Zola Jesus at the Independent, by Tim DrautZola Jesus (photo: Tim Draut)

Two weekends ago wrapped up the San Francisco leg of the Snowblood tour, with Zola Jesus co-headlining Alice Glass‘ first ever North American solo headline tour that kicked off at Los Angeles’ Teragram Ballroom on April 26. Pictureplane opened the San Francisco shows on both nights, with Saturday’s all-ages gig taking place at Slim’s. I arrived just in time to catch Pictureplane’s opening set for the sold out show at the Independent on Sunday, April 29, the night of the full moon.

Pictureplane, the moniker of electronic musician Travis Egedy, performed solo against a backdrop of colorful abstract video projections. He seemed to be having some minor sound issues on his end, but everything sounded fine from the floor. Pictureplane ended his opening set with “Post Physical,” omitting “Real is a Feeling” in favor of more recent material.

Zola Jesus (aka Nika Danilova) was joined on stage by longtime collaborator and multi-instrumentalist Alex DeGroot on guitar, and Louise Woodward on viola. Focusing on material from 2017’s Okovi and its follow-up Okovi: Additions (both out now on Sacred Bones Records), Zola Jesus opened her set with “Veka,” setting the bar for a strong and memorable vocal performance throughout. Zola Jesus mesmerized the crowd with minimal visual aids, relying on the Independent’s precise lighting to set the mood and cast brooding shadows.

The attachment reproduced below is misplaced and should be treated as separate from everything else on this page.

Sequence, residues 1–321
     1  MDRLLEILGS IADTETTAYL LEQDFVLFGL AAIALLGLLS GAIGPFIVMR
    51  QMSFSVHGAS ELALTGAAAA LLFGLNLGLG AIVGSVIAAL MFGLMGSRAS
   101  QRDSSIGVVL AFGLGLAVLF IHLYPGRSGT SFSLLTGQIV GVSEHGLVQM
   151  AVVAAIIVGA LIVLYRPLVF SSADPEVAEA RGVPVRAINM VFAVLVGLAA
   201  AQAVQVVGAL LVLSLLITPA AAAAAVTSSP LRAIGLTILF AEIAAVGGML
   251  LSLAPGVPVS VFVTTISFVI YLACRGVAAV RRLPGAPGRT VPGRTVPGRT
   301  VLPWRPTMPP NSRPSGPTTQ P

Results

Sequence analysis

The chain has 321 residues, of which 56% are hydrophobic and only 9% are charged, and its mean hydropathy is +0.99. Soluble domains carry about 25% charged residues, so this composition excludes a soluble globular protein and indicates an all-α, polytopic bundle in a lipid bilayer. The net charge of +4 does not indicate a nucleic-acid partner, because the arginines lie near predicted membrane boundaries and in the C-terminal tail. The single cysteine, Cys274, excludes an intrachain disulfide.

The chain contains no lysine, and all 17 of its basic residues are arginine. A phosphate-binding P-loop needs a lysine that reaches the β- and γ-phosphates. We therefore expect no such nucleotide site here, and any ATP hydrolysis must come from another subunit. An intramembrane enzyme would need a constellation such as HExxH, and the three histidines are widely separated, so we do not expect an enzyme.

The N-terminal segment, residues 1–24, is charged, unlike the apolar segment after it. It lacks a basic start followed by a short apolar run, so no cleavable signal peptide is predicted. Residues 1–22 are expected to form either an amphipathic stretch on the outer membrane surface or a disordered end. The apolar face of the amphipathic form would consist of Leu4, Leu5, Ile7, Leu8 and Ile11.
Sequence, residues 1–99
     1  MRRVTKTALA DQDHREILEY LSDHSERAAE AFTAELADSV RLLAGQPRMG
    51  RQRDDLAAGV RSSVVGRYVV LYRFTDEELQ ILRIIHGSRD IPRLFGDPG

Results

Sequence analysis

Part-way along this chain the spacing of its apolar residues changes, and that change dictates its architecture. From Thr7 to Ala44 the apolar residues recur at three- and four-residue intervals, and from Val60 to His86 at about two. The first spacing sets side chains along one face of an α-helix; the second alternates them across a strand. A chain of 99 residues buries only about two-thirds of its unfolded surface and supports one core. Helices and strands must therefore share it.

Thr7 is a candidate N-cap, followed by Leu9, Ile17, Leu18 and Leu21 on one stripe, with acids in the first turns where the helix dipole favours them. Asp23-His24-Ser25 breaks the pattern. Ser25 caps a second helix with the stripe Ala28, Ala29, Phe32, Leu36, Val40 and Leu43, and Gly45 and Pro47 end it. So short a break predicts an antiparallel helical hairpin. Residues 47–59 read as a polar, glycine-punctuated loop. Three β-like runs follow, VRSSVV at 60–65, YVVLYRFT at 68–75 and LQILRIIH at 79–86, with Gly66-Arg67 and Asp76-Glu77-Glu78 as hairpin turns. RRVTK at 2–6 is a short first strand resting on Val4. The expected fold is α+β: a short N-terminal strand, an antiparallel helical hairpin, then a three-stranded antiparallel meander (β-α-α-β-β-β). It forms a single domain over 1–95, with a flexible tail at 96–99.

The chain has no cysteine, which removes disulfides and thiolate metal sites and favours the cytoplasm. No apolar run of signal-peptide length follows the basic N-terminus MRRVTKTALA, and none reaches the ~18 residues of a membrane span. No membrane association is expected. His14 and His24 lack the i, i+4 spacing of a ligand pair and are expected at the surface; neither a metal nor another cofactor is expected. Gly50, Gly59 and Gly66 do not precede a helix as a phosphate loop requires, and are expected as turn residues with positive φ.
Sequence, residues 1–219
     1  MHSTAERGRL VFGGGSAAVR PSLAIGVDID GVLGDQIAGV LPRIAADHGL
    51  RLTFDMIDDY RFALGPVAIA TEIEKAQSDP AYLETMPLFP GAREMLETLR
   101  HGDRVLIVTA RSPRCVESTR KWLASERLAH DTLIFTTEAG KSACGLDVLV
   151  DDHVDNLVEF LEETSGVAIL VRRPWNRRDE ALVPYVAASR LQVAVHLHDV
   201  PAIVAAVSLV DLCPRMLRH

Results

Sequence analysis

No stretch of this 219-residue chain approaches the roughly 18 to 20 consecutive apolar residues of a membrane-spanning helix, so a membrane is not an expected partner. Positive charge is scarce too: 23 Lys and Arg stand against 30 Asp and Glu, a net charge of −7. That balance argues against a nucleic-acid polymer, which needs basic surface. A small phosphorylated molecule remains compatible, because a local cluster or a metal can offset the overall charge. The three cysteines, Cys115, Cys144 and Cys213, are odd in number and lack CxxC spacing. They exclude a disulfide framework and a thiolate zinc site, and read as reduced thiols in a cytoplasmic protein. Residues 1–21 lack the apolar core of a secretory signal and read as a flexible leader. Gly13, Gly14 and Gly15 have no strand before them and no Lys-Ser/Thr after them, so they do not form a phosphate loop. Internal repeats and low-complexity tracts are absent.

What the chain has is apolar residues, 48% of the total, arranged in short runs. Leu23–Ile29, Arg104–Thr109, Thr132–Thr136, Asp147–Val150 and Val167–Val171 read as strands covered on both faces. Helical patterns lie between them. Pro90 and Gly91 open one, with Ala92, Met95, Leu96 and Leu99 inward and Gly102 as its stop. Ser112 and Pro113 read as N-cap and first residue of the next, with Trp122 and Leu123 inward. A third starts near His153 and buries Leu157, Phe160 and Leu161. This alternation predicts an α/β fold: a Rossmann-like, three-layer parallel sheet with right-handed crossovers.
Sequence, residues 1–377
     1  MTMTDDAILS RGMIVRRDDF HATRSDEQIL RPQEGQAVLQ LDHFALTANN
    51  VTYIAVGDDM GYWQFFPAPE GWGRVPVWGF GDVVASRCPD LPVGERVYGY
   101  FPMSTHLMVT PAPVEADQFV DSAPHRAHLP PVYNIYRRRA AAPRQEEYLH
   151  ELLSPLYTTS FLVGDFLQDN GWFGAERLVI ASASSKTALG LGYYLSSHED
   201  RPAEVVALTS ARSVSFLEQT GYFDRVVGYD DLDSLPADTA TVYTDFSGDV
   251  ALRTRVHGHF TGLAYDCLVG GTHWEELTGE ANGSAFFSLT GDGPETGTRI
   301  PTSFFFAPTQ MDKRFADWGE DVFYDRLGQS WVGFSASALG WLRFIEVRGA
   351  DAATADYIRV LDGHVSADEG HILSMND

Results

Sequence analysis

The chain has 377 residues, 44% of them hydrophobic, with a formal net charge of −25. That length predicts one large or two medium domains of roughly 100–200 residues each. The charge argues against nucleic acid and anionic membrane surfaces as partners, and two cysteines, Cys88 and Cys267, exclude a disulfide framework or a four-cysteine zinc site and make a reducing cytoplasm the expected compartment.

“I really love San Francisco except for the economic disparity, which is very obvious,” she told the crowd in between songs. Zola Jesus’ lyrics are often as heavy and deep as the tone of her music suggests, but also relay sentiments of hope and reconciliation. While introducing “Witness,” she said the song is “about my uncle who attempted suicide twice a few years ago” at a time when she could only reach him by song. Zola Jesus went on to stun the crowd with more Okovi standouts including “Siphon” and “Wiseblood.”

Given a generous set time to wow the crowd with her seasoned stage presence and impressive vocal abilities, Zola Jesus performed everything from her early breakout single “Night” from 2010’s Stridulum, to her latest song “Bound” (listen via Adult Swim). “Ash to Bone” was recently given the remix treatment by Chromatics‘ Johnny Jewel (watch the video below).

This is Alice Glass’ first tour since severing ties with her Crystal Castles co-founder Ethan Kath. She was the first of multiple women who came forward with allegations of abuse agaisnt Kath, who responded with a defamation lawsuit that was subsequently dismissed. Alice Glass responed to the news via Twitter.

Alice Glass launched her solo career shortly after leaving the band, and it’s proven to be quite successful so far. Her eponymous solo EP and subsequent singles confront her horrific traumas, hoping to spread awareness.

While Alice Glass (aka Margaret Osborn) mostly focused on her new solo material during the final performance of the evening, she also performed “Celestia” and a couple other Crystal Castles songs, having rightfully reclaimed them as her own. Alice Glass was the only act to feature live drums, with her drummer sporting a full kit. She was also joined by a multi-instrumentalist, switching back and forth between guitar and percussion on “Stillbirth.”

Alice Glass would sometimes squat on top of the bass drum to speak with her drummer or stand on top of it for dramatic effect. She jumped down into the crowd during her first song, performing her latest singles “Without Love,” “Forgiveness,” and “Cease and Desist” with no encore.

These two powerful headlining solo artists complimented each other well, exacerbating the emotional energy of Sunday night’s full moon in a raw and painful, yet ultimately healing, way. Alice Glass, Zola Jesus, and Pictureplane will continue the Snowblood tour through May 17, ending in New York City.